Briefly, the course consists of two loops: a roly poly 10k from downtown southwards and back, and then a 20 mile loop northwards. Actually, the 20 mile loop is a bit convoluted. M6-M11 is a pancake flat out-and-back through an industrial area. This is a section that people hate; I love it because seeing all the other runners, both faster and slower, is a huge thrill. After a couple mostly downhill miles through a neighborhood, the course starts the long (and this part IS boring) flat trek from M13 to the St Johns Bridge at M17. The approach up to the bridge is a steep incline, but it isn't very long. Then over the bridge and back towards downtown on the other side of the river. The elevation chart for the race has been wrong about this section for years; the chart implies a bunch of flat and then a downhill from M21 onwards. In reality, the course rolls a lot after the bridge, and then M19-M21 is a gentle uphill. Gentle but long. The promised downhill DOES materialize at M21... gravity carries you back towards downtown and the finish. Usually the course cuts over the Steel Bridge to the downtown side at M24.5. For some reason (construction, perhaps), this year's course cut over the Broadway Bridge at M24. Two miles back... a bit more gentle uphill... a right turn by "the fat lady", a left turn, and done. Easy peasy. Except for the Matterhorn-like hill at M16.5 the course is not overly challenging.

The race has also been blessed with great weather. It has rained once on the Portland Marathon in the last twenty years. And that year, 2000, it ended quickly. Talk about good luck. I'm certain that this is one of the reasons why I enjoy this race so much. I've run in some seriously terrible conditions all over the country. Never here.

Many races are quick-turnaround trips for me, but not Portland. I usually make a big weekend out of it. And that's what I did this year. I arrived (go Amtrak!) Friday evening just in time to pick up my packet and buy a pink coat at the expo. Then, sushi... the best race weekend meal ever. Way better than Taco Bell or Subway, my usual traveling pre-race meal venues. Saturday morning, I got up and ran about seven miles along the waterfront, over and under various bridges. Knowing that the Steel Bridge wouldn't be in this year's race, I touched it for luck... I always touch it for luck... during this training run. Then more shopping at the expo.

Saturday evening, I ate Italian with a big group of people. I almost never do this. I knew more folks than I thought I would, and I met some new ones. Conversations about different races and football. People asked each other about goals for the marathon. I kind of sandbagged my answer to that. At that point, my goal was "beat 3:40", but my stomach's status on race morning has a big effect on things, so I didn't want to say it outloud and tempt fate. I think I said "faster than 4, I hope". Which was accurate, really, just not exact.

I checked the weather forecast... partly cloudy, no chance of rain, and cool... and then it was time for bed. I never sleep well the night before a race... especially a race I've been looking forward to, like Portland. But I slept like a baby. And woke up exactly on time. Perfect!

Pop tarts? Check. Potty? Check. And then check again, heh. Pink? Check. Including my extra special pink Portland Marathon hat. And out to the start.

I got there just before the area got too crowded, and found my way to the 8:30/mile pace signs. As I was standing there, my friend Anne found me. We chatted briefly as the area started packing in the runners. This year, the organizers had changed to chip-embedded paper for timing. By looking at everyone else's feet, I realized that I had attached my paper tag chip thingy upside down (or inside out). Huh. Oh well.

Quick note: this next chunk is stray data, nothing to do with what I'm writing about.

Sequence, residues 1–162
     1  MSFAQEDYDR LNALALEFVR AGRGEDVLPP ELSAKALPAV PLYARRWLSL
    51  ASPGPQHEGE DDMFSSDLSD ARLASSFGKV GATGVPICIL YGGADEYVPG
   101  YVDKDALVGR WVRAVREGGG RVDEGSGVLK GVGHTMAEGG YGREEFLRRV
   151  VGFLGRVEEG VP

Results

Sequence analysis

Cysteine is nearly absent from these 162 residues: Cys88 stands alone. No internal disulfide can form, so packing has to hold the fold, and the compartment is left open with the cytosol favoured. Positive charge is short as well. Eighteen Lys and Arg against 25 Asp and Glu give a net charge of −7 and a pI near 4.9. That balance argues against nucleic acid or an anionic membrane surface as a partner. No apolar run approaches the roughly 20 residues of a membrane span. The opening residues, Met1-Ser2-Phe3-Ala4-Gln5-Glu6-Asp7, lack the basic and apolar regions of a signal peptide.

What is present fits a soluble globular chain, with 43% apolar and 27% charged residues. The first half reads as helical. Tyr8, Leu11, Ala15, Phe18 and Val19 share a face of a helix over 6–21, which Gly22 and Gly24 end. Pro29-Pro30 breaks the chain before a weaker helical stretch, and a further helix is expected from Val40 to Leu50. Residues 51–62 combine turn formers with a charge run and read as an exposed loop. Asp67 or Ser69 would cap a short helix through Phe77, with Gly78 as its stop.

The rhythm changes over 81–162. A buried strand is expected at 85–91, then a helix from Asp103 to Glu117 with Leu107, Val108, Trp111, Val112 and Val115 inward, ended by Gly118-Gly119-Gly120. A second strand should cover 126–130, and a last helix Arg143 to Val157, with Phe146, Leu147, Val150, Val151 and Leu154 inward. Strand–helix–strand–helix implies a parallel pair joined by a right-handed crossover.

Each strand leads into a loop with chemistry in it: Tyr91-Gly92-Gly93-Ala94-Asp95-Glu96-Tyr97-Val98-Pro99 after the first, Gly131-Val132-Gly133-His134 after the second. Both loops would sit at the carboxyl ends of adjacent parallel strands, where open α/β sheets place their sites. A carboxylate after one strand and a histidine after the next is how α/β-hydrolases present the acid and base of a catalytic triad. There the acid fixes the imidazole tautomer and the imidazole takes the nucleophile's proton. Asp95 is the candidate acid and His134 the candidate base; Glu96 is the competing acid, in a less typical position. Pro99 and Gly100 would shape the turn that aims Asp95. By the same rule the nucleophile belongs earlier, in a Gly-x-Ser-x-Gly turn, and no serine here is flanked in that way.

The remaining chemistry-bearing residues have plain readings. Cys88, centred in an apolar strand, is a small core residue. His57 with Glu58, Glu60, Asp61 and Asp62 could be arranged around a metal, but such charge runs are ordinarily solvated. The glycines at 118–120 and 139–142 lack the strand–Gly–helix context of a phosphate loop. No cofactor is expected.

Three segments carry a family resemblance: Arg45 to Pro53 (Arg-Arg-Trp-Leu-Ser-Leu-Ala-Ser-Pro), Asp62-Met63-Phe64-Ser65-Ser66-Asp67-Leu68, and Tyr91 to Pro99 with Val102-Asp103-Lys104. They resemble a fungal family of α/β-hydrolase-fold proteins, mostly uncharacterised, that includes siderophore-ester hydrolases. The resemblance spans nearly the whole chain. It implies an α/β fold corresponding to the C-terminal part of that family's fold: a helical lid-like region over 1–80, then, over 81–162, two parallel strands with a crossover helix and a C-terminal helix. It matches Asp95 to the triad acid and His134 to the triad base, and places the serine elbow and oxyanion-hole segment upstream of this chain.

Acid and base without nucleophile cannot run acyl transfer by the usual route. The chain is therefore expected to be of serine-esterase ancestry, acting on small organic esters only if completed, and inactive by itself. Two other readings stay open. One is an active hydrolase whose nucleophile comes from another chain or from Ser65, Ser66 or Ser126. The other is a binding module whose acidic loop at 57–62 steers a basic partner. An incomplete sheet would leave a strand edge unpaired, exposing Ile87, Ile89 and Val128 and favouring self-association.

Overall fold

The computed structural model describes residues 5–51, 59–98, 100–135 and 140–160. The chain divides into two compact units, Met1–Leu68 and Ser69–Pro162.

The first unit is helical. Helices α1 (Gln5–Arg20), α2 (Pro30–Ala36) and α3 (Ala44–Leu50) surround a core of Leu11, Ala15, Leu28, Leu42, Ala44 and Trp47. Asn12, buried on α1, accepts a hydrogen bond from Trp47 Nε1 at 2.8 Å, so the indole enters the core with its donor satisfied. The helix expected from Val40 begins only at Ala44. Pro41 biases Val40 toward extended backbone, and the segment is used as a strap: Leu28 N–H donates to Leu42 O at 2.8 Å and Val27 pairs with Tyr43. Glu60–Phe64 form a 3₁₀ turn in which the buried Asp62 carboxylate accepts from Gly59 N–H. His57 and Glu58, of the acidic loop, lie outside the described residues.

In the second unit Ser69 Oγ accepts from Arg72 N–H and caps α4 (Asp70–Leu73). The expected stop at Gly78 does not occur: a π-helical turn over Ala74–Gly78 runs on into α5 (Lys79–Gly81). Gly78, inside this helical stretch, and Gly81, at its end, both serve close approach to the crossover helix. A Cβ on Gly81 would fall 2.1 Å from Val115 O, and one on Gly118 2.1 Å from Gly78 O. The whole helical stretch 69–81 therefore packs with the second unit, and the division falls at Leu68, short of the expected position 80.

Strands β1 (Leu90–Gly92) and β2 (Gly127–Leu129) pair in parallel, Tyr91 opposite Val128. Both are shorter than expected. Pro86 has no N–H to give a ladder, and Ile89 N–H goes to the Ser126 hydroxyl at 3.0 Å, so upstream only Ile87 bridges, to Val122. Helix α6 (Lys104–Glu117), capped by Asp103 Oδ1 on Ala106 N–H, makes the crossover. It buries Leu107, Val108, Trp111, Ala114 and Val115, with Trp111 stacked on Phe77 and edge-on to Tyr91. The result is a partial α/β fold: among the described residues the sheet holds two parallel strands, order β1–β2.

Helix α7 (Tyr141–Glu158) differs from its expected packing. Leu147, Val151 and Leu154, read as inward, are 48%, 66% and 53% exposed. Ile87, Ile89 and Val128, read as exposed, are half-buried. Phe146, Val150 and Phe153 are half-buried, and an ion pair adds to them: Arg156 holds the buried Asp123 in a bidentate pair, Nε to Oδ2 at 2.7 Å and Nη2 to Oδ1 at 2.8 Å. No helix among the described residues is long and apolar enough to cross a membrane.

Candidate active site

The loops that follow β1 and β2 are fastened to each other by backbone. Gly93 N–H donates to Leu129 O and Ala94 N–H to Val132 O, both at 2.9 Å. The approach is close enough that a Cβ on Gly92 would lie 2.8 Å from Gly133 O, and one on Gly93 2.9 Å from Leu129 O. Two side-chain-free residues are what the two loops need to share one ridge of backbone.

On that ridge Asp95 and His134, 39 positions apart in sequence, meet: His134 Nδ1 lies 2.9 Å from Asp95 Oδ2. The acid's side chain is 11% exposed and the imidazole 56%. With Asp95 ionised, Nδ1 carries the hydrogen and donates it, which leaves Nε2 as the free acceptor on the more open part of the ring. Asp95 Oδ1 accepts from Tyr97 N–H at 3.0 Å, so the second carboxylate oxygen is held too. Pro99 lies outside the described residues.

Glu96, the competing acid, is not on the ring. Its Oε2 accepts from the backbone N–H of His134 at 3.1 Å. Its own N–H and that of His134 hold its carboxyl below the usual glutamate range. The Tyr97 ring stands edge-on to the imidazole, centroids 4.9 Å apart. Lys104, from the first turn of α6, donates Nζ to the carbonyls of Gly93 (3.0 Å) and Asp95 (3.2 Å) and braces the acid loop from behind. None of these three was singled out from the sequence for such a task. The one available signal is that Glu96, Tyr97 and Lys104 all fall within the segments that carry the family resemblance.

The pace leaders showed up. Anne's plan was to stay between the 3:40 and 3:45 groups. I don't really like running with formal pace groups, but I was feeling really good. I decided I'd try to keep the 3:35 group in sight for as long as possible. I still wanted to run evenly, though, so this implied that my "beat 3:40" goal got adjusted slightly to "about 3:35". Fine. The starting area was getting sardine can crowded. Opera version of the National Anthem. Off we went. As one big group.

The first mile was a nice, easy cruise through downtown... past my second-favorite music stop: a drum line. It was excellent. I ran with Anne for a bit, and then another friend, Chris, caught me. By intentionally NOT zig-zagging around people, I knew my first mile would be somewhere in the 9:00 range. Then I wanted to settle into the 8:10-8:20ish area... although because the first 10k had lots of little hills, I wasn't too concerned about identical splits. Even effort.

Well, except for the potty stop at M5. Sigh. I had felt fine before the race started, I really had. And I ate the "right" stuff the day before. Guess I should have stuck with Taco Bell. Anyway, I spent the first five miles talking to Chris, but I bid him adieu and jumped into the little blue box.

My favorite section of the course is the out-and-back between about M6.5 and M11. As I started into this section, I recall quite clearly thinking to myself, "gray skies, but thankfully it isn't going to rain today." I made it to almost M8 before the leaders passed me going the other way. The women's leader was a well-known trail runner from Oregon, Kami Semick. She looked like she was out for an easy jog. She would go on to win the race. I said hello to the faster Maniacs... Maniac Bob for one... as they went by. Then I hit the turnaround and now I was one of the faster people going the other way. And this made me run a little bit faster.